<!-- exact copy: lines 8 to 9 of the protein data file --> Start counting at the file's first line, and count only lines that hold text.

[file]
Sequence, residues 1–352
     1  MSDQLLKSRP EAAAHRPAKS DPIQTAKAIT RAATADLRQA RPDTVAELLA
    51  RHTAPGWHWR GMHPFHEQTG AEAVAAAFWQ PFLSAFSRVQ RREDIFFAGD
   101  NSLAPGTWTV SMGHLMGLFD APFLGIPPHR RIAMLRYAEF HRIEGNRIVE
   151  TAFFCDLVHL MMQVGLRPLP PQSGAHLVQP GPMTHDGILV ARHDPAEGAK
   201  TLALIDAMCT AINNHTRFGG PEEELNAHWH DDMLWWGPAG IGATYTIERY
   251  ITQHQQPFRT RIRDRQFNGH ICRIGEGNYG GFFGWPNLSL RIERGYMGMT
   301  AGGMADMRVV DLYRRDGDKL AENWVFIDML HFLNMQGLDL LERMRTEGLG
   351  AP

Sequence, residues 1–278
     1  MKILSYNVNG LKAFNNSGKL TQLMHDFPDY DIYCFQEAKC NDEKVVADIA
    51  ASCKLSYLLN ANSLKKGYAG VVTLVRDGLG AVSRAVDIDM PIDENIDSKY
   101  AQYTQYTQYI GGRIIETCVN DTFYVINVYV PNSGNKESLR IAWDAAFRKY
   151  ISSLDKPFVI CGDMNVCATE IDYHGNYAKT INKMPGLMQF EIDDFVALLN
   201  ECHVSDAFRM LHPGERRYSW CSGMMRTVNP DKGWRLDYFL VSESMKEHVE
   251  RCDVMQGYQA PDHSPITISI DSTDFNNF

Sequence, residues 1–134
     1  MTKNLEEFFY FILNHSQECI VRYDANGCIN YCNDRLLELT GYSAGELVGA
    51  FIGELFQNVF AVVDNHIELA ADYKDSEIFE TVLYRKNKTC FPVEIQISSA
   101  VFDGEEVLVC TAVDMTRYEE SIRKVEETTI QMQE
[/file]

   301  AGGMADMRVV DLYRRDGDKL AENWVFIDML HFLNMQGLDL LERMRTEGLG
   351  AP